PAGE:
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You can see the moisture that set the stage for corn disease

You can see the moisture that set the stage for corn disease
Crop Watch 2015: Camera lens captures haze full of moisture in early morning scouting.

Look at the picture taken in the Crop Watch 2015 field just a few days ago. Unlike some areas which are now drying out too much, this field continues to get rain- now in more moderate amounts. What it is doing is keeping moisture in the air. Due to early morning temperatures and the humidity in the ear, you can actually see the hazy atmosphere inside the plant canopy.

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Dave Nanda, consultant for Seed Consultants, Inc., says it's the stuff that foliar diseases are made from – excess moisture and enough warmth.

Crop Watch 2015: Camera lens captures haze full of moisture in early morning scouting.

If you look closely you will see more than just a hazy morning with moisture hanging heavy in the air. You will also see leaves peppered with lesions. As the season progresses Nanda believes leaves will dry up, from the bottom up. What's troubling in this field is that lesions are already on leaves at and above the ear – that is the part of the photosynthetic factory you want to protect.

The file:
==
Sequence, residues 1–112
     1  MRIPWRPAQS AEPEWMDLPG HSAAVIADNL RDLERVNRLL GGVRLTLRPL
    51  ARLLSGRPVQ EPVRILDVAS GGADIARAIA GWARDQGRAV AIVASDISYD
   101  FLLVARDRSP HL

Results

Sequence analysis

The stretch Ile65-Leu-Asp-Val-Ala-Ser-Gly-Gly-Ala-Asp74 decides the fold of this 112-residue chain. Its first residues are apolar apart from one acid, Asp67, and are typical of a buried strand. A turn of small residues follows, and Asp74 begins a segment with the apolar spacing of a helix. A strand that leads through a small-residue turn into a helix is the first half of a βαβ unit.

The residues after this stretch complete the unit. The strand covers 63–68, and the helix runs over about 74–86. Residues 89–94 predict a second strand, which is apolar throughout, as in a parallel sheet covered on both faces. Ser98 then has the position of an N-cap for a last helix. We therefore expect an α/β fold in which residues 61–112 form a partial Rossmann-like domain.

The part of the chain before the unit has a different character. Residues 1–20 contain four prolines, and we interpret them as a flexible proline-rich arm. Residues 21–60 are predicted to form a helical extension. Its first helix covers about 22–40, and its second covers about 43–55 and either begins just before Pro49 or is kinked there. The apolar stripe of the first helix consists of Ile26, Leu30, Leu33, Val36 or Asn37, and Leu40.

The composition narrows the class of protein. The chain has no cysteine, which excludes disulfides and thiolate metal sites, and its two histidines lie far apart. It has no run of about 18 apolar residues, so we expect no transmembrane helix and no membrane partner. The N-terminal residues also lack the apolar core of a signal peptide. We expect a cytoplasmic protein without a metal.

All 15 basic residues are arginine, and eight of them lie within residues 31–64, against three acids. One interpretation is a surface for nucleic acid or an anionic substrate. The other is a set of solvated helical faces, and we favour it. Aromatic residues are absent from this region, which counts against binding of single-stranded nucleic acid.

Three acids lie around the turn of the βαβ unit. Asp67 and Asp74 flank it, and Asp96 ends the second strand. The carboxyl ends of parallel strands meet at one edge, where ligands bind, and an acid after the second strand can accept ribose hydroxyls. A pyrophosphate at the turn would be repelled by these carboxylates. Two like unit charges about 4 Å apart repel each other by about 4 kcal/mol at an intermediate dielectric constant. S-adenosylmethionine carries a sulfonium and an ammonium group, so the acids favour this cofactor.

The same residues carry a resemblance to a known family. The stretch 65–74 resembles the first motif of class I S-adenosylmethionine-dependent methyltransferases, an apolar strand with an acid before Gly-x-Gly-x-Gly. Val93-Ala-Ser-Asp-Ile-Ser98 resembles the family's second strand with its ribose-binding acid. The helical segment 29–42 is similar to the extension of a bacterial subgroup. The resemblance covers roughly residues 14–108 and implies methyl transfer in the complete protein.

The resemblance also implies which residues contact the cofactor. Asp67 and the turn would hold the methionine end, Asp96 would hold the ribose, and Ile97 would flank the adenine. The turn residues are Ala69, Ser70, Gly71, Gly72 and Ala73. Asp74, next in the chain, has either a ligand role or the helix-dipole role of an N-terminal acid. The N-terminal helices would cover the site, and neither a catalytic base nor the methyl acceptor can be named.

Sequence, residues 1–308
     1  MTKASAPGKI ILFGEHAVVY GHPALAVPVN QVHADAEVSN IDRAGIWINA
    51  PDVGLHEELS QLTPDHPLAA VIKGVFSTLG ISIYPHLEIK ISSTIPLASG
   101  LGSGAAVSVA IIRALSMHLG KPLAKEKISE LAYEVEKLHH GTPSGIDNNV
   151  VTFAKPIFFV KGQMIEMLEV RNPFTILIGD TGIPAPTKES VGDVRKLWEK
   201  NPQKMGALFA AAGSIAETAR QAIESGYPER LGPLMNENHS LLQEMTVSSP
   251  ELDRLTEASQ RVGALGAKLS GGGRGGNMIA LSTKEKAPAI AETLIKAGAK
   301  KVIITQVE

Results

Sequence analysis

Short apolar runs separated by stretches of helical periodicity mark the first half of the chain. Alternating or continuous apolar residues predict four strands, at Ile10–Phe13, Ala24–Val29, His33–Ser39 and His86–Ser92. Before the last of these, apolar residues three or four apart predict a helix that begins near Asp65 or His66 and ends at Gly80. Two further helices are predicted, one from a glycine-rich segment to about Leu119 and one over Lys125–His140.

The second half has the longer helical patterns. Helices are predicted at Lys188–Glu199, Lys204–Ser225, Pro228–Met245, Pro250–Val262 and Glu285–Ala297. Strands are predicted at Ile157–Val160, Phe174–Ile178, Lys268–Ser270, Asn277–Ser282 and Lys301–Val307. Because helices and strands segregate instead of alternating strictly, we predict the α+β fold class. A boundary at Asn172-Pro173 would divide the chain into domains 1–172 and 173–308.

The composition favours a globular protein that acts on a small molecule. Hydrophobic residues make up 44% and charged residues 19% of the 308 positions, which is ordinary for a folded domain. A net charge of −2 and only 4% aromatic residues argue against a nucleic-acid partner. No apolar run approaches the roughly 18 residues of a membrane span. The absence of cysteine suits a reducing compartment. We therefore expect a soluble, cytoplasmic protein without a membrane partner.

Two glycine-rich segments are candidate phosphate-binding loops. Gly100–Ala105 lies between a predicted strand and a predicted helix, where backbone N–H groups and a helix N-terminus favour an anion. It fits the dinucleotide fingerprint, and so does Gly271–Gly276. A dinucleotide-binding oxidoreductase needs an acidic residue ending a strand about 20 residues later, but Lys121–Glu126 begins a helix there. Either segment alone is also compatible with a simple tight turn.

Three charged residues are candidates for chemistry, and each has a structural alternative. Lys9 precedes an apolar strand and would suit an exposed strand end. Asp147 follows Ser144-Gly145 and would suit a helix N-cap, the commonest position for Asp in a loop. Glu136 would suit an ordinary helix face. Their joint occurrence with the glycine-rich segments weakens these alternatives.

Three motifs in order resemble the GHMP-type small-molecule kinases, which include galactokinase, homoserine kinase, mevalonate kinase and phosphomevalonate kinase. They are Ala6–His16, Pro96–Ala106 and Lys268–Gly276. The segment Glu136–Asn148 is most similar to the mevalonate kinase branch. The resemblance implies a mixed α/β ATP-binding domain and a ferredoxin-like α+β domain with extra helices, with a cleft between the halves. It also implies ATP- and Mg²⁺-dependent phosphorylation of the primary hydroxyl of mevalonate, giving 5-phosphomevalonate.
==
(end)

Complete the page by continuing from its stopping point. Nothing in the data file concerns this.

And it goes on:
Why is disease so rampant? Nanda says the weather conditions have been near perfect in many cases. Second, the inoculum was there because of a large amount of disease present in many corn fields last year. This particular field was in soybeans in 2014, but inoculum can move in from nearby fields too.

The presence of the inoculum and good conditions for disease early helped the disease to an earlier start than in some years. When disease gets an early start and conditions remain "go" for disease, results can be devastating.

Disease on the rampage: The moisture showing up in this photo sets a perfect stage for foliar disease.

One option was selecting hybrids with good disease tolerance or resistance packages. Both of these hybrids in this field had good disease packages, but both are riddled with foliar disease. "If the disease pressure is super high, it can sometimes overcome the tolerance and set up shop anyway," Nanda says.

Fungicides are an option. Ironically, the farmer reports this field was sprayed right at or before pollination was well underway.

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To be fair, this photo was taken in the first 20 rows from the outside of the field, located along a roadway. It's possible that the airplane operator didn't spray close enough to the power lines to cover these rows.

Next time we'll go deeper into the field where corn was spayed and assess the disease conditions at that point.

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